The Turkish Constitutional Court ruled that blocking access to the site with the domain name “www.xxxkargomagdurlari.com” [“xxxcouriervictims.com” in English] considering it as against the rule of good faith pursuant to article 55 of Turkish Commercial Code, is not against the freedom of expression.

On that basis, the applicant, acting as the attorney of the former employees who were victimized by the relevant cargo company, applied to the Turkish Constitutional Court:

Company (“Company”) filed a lawsuit against the applicant on the basis that the applicant registered the website under his name which caused damage on Company’s commercial reputation and requested for pecuniary and non-pecuniary damages.The first instance court ruled that:

  • The “xxxkargomagdurlari” phrase on the website domain name has a negative connotation in the society for the company.
  • The domain name constitutes unfair competition “through discrediting others and their commercial activities with unnecessarily offensive declarations” pursuant to article 55 of the Turkish Commercial Code.
  • Blocking the access to the website is necessary to prevent to use of the domain name.

On that basis, the applicant, acting as the attorney of the former employees who were victimized by the relevant cargo company, applied to the Turkish Constitutional Court:

  • The actual existence of people who were victimized by the Company excludes the website from being unnecessary, offensive and unfair,
  • The Company’s material rights have not been infringed or applicant did not act with the sole purpose of damaging Company’s commercial reputation,
  • Therefore, blocking access to the website violates the
    • Equal protection of the law,
    • Freedom of communication,
    • Freedom of thought and opinion,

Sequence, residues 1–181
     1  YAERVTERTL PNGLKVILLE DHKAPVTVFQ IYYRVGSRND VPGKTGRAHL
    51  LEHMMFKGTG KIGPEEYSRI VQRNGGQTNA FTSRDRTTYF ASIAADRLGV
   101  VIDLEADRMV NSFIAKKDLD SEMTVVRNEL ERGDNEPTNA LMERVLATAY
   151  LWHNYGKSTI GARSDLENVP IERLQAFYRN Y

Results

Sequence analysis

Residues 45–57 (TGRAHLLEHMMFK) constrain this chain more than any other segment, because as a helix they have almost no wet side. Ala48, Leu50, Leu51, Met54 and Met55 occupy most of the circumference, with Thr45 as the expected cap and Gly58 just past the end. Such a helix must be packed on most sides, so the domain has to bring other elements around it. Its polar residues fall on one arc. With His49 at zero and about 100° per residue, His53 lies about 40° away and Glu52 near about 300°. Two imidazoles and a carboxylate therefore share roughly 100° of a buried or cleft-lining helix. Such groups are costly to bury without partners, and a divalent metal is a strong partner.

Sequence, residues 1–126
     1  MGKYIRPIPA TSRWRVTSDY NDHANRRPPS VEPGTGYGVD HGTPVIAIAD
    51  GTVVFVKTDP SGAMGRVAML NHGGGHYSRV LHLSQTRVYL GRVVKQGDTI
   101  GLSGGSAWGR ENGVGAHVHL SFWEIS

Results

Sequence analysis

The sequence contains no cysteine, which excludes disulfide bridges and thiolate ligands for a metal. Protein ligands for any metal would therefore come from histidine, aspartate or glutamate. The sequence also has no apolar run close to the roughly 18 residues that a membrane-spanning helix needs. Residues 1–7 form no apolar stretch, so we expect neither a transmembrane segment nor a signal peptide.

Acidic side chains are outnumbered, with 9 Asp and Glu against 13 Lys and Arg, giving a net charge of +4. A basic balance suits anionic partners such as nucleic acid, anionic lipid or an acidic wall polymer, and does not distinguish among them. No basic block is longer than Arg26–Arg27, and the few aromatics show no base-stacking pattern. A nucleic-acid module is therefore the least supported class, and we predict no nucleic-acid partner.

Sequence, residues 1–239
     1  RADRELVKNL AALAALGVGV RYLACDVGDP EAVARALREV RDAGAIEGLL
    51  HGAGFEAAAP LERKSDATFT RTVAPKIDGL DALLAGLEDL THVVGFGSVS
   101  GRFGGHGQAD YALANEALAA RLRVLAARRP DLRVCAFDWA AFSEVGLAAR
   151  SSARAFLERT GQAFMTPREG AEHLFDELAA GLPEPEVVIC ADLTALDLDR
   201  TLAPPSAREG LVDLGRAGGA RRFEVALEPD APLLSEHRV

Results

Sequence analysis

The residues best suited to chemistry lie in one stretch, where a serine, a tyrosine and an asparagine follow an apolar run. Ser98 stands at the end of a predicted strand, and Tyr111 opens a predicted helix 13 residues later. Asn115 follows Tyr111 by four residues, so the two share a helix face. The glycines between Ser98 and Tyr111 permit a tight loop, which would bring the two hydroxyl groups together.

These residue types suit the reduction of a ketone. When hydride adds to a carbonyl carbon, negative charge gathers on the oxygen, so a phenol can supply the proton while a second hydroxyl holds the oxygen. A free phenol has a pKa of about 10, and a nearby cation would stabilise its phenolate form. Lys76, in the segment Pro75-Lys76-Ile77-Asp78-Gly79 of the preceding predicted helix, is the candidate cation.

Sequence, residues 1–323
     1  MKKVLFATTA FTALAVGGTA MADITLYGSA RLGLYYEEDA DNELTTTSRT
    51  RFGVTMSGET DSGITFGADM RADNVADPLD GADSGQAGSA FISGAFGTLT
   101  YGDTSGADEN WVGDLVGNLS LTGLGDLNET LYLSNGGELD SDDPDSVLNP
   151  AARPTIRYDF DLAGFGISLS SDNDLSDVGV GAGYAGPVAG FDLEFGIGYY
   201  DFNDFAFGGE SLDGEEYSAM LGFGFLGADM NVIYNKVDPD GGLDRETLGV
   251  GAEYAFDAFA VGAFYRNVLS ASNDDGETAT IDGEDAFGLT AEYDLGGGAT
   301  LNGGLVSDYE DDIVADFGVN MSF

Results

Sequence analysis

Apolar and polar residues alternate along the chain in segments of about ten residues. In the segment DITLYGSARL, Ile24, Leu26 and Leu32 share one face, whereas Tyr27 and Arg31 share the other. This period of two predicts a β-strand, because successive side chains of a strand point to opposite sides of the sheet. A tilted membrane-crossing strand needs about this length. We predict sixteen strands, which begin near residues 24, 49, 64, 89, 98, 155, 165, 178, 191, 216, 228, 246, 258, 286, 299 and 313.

• Freedom of expression and dissemination of opinion, and
    • Right to a fair trial.

After a review of the case, the Turkish Constitutional Court stated that:

  • The blockage of access to the website constitutes an interference with the applicant’s right to freedom of expression and this intervention is a part of the measures to protect the fame and rights of others and therefore has a legitimate purpose,
  • Commercial reputation should constitute a personal right and an economic asset value; therefore, it must be covered by the property right in accordance with article 35 of the Constitution and therefore the state should take measures for the protection of the property rights.
  • There should be a fair balance between the Company’s property right and the applicant’s freedom of expression.
  • In the judgment of the first instance court which stated that the relevant web site has a negative connotation in the community for Company, based on the grounds that the use of this domain name has damaged Company’s commercial reputation, thus showing that the intervention corresponds to a social need pressure.
  • The interference with the applicant’s freedom of expression was in conformity with the requirements of a democratic society.

By stating the mentioned reasons, the court ruled with the majority of votes that the allegation concerning the freedom of expression of the applicant was inadmissible as it was manifestly unfounded.

Against this decision, the Chairman of the Constitutional Court presented a dissenting opinion. According to this opinion:

  • Freedom of expression includes not only the freedom to “possess thought and opinion but also the freedom to express and disseminate thought and opinion” and accordingly “freedom to interchange opinion”.
  • The social need pressure for the indefinite blockage of access to the relevant website is not adequately explained by the first instance court.
  • The unlimited period of access blockage is not moderate, The content in the website contained facts rather than judgment, therefore the aim is to express Company’s acts that are thought to be unfair within the scope of freedom of expression, criticize and to share with public opinion rather than aiming to discrediting Company.
  • The public service companies should be open to criticism and opinions about such services, criticizing a company over the Internet is very much the same to protest company services in front of the same company by demonstrating marches and showing criticism banners, and just like such expression is protected under the constitution, the freedom of expression on the internet should also be protected.
  • Although indefinitely blocking access to the website is a convenient means of achieving the purpose of protecting the ownership of Company, it is not the last resort and the lightest measure to be taken.
  • The interference with the right to freedom of expression, protected by article 26 of the Constitution, does not correspond to a predominant social need and is not measurable.

Please see this link for the full text of the Constitutional Court’s decision (Only available in Turkish)

Information first published in the MA | Gazette, a fortnightly legal update newsletter produced by Moroğlu Arseven.